Beyond Classroom Tech Tips…

May 30, 2008

The potential folly of laptop programs

Filed under: Uncategorized — Donna DesRoches @ 9:51 pm

Next year our school division plans to implement a laptop program – nowhere near a 1:1 but we are putting a 15 – 20 set of laptops in each school in the division that wishes to participate in the program. I must admit that I approach this project with some trepidation. Are our teachers ready? Will the laptops be used for authentic, meaningful learning or will they simply be used to do old things in new ways? Have we provided opportunities for professional development that will ensure the technology is used to meet our students’ 21st Century learning needs?

Clay Burrell’s post, An Old Prophecy Confirmed? On the Uses and Abuses of Laptop Learning echoed some of my concerns as he quoted from a student post that speaks to the ‘coolness’ factor of their school’s 1:1 laptop program.

I’ve had too many teachers assign us to “make an iMovie” for this and that. I had to make an iMovie for my World Geography class and Asian Studies class. I was surprised when even my Spanish teacher told me to make an iMovie. It is obvious [our school] is trying too hard…to look cool.

The student goes on to describe a class where he feels the laptop has been used for real learning:

We use our MacBooks to interact with people from all over the world, and learn how to write for [a] true audience. Not just that, we learn how to accomplish stuff through networking and meeting new cool people.

While the MacBooks in the Writing Seminar classroom are shining, the other MacBooks in other classrooms are crying. They say, “what the hell am I doing here?”

Clay’s final comments on his student’s post are well worth keeping in mind as we begin our foray into student laptop computing:

Younsuk’s mention that Macbooks help learning by allowing students to connect and network with the world is something no teacher or administrator is going to understand without doing it. It’s 20th century education with a shiny bell and whistle otherwise. Just a new way to turn in homework. The immigrants in power will think it’s cutting edge, but the students will think otherwise.

It is so important that teachers understand that student use of laptops is about connecting, communicating, collaborating and creating. And yes, I do believe that in our school division we are moving in such a direction.

We are definitely more ready than we would have been a year ago for this student laptop initiative. I work with an excellent team of teachers who go way beyond providing ‘sit and get’ professional development for their teachers – hands-on, one-to-one, just-in-time, mentoring, and meaningful staff collaboration and other forms of ‘differentiated instruction’ will help our teachers ensure that we just don’t look cool but are providing meaningful learning opportunities for their students.

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May 9, 2008

Blogging and Reading Comprehension Strategies

Filed under: blogging — Donna DesRoches @ 9:10 pm
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In a WizIQ seminar a conversation about blog comments recently took place with several teachers in my school division and Kelly Christopherson. Teachers said comments that indicated an understanding of their key ideas, provided a quality critique, or shared a similar learning or action extended their own understanding and learning.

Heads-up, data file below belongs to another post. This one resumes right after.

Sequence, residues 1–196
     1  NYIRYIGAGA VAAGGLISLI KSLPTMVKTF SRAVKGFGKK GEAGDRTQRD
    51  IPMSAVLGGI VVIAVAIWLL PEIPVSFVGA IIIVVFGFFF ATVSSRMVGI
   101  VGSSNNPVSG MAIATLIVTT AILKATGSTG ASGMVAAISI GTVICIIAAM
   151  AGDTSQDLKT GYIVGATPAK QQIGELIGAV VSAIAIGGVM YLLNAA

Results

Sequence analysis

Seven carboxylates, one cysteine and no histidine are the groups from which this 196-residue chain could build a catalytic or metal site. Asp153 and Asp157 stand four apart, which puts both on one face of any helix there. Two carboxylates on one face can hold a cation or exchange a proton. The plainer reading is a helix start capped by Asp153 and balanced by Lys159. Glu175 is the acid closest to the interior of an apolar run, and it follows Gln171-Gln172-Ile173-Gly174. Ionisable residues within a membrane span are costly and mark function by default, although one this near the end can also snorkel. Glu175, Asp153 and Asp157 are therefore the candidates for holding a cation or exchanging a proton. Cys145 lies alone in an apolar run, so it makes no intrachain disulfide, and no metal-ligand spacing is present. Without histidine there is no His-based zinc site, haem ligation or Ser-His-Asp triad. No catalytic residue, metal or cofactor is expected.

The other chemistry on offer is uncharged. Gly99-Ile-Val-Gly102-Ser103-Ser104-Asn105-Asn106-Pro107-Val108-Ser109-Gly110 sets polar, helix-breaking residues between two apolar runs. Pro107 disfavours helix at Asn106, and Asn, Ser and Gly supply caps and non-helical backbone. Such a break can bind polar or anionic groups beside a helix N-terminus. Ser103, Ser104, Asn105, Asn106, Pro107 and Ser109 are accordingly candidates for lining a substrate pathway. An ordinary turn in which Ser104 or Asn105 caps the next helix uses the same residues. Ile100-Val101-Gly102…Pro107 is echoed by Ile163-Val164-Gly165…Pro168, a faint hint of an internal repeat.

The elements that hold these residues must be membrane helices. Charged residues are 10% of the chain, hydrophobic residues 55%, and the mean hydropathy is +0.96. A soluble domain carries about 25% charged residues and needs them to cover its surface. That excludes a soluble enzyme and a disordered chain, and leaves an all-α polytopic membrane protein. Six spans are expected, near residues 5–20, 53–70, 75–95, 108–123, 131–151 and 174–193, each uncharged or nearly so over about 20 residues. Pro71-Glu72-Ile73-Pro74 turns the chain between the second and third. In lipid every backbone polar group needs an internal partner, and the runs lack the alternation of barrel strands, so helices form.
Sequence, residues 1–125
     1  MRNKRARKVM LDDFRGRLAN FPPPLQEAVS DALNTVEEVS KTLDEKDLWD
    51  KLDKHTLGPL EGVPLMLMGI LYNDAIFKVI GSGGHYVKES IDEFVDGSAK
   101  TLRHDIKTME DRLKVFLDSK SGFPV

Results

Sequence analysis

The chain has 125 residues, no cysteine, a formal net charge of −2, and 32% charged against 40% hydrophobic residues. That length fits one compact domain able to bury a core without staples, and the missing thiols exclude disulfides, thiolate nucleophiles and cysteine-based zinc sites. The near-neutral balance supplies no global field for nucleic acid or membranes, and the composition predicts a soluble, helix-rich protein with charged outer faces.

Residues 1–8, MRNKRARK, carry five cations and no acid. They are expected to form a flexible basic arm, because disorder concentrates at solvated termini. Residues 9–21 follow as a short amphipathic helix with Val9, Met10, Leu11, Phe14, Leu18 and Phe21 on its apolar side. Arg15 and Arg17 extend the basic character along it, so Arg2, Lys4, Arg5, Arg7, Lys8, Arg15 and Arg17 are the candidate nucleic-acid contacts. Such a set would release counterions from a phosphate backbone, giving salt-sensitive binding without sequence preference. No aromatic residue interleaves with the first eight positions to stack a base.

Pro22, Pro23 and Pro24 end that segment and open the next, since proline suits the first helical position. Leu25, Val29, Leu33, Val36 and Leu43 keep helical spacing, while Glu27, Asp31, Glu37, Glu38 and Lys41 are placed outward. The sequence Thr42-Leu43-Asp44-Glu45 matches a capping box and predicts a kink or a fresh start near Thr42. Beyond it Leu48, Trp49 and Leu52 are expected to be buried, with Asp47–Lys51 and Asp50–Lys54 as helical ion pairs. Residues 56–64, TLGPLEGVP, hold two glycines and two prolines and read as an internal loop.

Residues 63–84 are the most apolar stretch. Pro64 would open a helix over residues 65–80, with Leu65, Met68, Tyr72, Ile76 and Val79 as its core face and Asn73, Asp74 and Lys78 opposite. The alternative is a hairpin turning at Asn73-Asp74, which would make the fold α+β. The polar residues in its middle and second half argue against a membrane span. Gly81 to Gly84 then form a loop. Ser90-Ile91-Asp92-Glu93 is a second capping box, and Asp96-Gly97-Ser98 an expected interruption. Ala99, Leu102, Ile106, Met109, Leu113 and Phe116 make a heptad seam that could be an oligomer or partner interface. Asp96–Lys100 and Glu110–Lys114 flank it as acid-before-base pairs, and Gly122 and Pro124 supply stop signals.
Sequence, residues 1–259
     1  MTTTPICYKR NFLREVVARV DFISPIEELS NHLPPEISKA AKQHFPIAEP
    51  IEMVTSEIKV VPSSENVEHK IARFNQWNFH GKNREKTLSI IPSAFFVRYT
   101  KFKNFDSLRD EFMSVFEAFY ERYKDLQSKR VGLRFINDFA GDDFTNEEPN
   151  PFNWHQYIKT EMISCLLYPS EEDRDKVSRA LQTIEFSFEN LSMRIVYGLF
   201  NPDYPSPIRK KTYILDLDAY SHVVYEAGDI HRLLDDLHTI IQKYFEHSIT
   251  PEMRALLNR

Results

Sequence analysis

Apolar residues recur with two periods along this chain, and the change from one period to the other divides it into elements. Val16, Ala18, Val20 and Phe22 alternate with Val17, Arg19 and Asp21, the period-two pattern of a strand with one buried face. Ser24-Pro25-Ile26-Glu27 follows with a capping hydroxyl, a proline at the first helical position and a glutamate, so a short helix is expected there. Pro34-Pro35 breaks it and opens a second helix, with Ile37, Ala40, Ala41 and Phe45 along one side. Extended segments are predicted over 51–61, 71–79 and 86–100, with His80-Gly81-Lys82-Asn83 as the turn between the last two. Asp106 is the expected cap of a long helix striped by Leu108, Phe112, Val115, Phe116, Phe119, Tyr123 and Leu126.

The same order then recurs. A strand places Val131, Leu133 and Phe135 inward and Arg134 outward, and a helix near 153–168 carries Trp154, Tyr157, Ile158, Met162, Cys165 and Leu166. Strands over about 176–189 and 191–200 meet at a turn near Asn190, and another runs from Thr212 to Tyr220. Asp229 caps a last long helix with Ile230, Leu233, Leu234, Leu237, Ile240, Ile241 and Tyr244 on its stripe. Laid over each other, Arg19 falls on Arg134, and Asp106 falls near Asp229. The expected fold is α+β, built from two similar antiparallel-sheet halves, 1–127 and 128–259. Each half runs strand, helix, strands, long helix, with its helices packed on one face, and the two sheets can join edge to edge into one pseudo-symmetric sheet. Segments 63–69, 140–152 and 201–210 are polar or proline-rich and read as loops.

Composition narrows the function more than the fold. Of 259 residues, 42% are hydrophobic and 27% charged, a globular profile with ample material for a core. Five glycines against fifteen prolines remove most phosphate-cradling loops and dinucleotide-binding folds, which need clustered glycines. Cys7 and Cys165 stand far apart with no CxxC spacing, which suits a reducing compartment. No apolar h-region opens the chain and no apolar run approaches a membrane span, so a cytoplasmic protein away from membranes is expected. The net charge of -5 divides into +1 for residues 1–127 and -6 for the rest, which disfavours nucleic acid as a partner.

Many students within our school division are now blogging as part of their daily classroom activities. As teachers have become more comfortable with the online writing format they want to extend the audience and the conversations for their students first by encouraging them to comment on classmates’ writing and then by finding other classrooms that their students can connect, write and share their learning.

While they recognize the value that commenting brings to the blogging process many teachers struggle to explain and teach students how to make meaningful comments on others’ writing.

An ahah moment occurred one day when I was working in a teacher’s classroom and saw a number of posters on Reading Comprehension Strategies on her wall. I then had a conversation with the Language and Literacy Consultant who also became quite excited at how reading and commenting on the blog posts of their peers could enhance student utilization of the reading comprehension strategies. She suggested that teachers could help primary and early bloggers use the reading comprehension strategies by choosing one strategy and having the whole class use that strategy to comment on their classmates’ posts.

Having students use the reading comprehension strategies to comment helps them to avoid words like nice, good and interesting in their comments.

Students, especially primary and students new to blogging can use sentence frames to…

Make Connections – e.g. after reading a blog about a puppy students use a sentence starter “this reminds me of when my puppy did….”

Question – asking questions that use starters such as, “I didn’t understand this…” “I wonder what…”

Other reading comprehension strategies can be used to respond to student blog posts:

Visualization – if an entry supports visualization – have the student draw a picture and then describe it.

Infer – (for older students) – look for inferences that the writer makes – e.g. if the blogger writes with passion – comment on the evidence that allows them to make the inference or “I see that you have lots of knowledge about this topic” and again provide the evidence.

Synthesize – paraphrase – transfer the statement from the blog into their world – “what you said makes me think about this idea in my world – how this applies to me”.

Blogging is a great communication tool but it is the use of effective commenting skills that will extend and engage global conversations for our students.

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